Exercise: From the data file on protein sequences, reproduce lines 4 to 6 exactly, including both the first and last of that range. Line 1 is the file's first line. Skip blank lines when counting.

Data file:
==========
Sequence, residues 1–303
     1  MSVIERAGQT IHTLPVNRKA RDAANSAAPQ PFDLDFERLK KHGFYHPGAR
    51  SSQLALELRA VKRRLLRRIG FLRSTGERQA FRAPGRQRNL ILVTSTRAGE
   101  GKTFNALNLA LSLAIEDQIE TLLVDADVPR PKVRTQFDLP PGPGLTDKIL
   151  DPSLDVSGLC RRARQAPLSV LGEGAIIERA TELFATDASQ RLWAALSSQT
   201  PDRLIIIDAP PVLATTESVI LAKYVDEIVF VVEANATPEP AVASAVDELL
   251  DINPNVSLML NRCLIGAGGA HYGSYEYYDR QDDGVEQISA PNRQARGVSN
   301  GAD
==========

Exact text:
   101  GKTFNALNLA LSLAIEDQIE TLLVDADVPR PKVRTQFDLP PGPGLTDKIL
   151  DPSLDVSGLC RRARQAPLSV LGEGAIIERA TELFATDASQ RLWAALSSQT
   201  PDRLIIIDAP PVLATTESVI LAKYVDEIVF VVEANATPEP AVASAVDELL